Afoot and light-hearted I take to the open road,
Healthy, free, the world before me,
The long brown path before me leading wherever I choose…
– Walt Whitman, “Song of the Open Road“
There is a path to even the tallest mountain.
– Afghan Proverb
In the canvas of life, a flat landscape would be boring. It is the valleys and the mountains that help us to appreciate the flatlands. It is the dark that makes us appreciate the light, and the cold that makes us appreciate the warm.
– Anne Copeland
I see my path, but I don’t know where it leads.
Not knowing where I’m going is what inspires me to travel it.
– Rosalia de Castro
… All landscapes ask the same question in the same whisper. ‘I am watching you — are you watching yourself in me?’ To tune in, without reverence, idly — but with real inward attention… You can extract the essence of a place once you know how. If you just get as still as a needle, you’ll be there.
— Lawrence Durrell, Spirit of Place; Letters and Essays on Travel
The wish to travel seems to me characteristically human; the desire to move, to satisfy your curiosity or ease your fears, to change the circumstances of your life, to be a stranger, to make a friend, to experience an exotic landscape,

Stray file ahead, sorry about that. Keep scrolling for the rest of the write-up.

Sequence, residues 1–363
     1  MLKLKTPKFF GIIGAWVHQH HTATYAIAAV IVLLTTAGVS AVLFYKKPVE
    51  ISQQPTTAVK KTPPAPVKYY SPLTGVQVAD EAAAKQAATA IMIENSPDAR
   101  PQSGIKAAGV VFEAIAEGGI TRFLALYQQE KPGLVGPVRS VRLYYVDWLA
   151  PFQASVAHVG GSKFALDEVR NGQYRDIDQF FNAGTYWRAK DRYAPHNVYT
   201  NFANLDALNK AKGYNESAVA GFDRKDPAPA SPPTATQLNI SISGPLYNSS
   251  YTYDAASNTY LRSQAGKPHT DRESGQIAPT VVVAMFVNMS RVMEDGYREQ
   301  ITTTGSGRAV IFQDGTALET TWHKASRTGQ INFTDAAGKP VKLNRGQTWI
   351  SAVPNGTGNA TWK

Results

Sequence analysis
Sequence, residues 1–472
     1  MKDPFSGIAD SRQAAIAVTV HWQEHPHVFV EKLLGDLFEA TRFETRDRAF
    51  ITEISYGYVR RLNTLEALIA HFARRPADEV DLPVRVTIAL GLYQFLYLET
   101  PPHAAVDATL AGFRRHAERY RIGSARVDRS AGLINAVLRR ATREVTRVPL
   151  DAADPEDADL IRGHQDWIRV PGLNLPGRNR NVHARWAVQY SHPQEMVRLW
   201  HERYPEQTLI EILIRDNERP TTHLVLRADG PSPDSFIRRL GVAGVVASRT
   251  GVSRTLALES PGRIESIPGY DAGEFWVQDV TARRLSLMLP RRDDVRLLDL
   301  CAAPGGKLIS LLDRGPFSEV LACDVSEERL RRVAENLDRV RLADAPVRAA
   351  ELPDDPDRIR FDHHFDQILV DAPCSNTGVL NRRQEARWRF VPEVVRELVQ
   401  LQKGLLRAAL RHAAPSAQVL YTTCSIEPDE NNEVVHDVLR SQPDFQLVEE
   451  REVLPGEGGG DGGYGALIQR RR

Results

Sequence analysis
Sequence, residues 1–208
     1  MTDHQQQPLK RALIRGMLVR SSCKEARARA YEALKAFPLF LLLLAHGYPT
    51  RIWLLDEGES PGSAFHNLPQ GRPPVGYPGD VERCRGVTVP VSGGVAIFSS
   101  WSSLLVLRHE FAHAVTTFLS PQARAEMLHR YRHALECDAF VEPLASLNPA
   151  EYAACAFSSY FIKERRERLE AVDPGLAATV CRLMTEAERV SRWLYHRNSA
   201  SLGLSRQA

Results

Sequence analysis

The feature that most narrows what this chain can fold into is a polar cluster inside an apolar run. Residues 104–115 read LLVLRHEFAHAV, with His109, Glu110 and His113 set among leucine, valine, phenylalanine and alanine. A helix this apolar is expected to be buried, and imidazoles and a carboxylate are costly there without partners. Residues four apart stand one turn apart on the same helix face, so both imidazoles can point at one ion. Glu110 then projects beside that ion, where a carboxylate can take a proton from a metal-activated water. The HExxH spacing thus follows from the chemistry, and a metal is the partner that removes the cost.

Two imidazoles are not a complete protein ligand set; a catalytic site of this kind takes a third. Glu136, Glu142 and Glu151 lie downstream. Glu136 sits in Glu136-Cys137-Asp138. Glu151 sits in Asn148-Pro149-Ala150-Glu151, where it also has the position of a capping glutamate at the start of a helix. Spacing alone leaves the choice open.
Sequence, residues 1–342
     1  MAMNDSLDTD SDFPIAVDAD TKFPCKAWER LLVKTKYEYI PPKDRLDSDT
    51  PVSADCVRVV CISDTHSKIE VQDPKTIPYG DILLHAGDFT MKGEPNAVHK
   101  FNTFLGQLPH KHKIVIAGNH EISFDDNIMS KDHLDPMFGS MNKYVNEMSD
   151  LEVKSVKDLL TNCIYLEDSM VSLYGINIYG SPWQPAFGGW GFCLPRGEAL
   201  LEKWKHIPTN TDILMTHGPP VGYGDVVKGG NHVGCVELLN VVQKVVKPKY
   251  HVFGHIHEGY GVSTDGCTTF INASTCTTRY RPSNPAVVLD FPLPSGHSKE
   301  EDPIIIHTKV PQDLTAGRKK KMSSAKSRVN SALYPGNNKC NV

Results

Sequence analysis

to risk the unknown …
– Paul Theroux
The Road goes ever on and on
Down from the door where it began,
Now far ahead the Road has gone,
And I must follow if I can,
Pursuing it with eager feet,
Until it joins some larger way
Where many paths and errands meet.
And whither then? I cannot say.
– J.R.R Tokien, The Lord of the Rings
Do not follow where the path may lead.
Go instead where there is no path and leave a trail.
– Ralph Waldo Emerson
You could start at a path leading nowhere more fantastic than from your own front steps to the sidewalk, and from there you could go… well, anywhere at all.
– Stephen King
We are the children of our landscape; it dictates behavior and even thought in the measure to which we are responsive to it.
– Lawrence Durrell
When I was younger I used to see the earth as a fundamentally stable and serene place, possessed of a delicate, nearly divine balance, which humans had somehow managed to upset. But as I studied trails more closely, this fantasy gradually evaporated. I now see the earth as the collaborative artwork of trillions of sculptors, large and small. Sheep, humans, elephants, ants: each of us alters the world in our passage. When we build hives or nests, mud huts or concrete towers, we re-sculpt the contours of the planet. When we eat, we convert living matter into waste. And when we walk, we create trails. The question we must ask ourselves is not whether we should shape the earth, but how.”
― Robert Moor, On Trails: An Exploration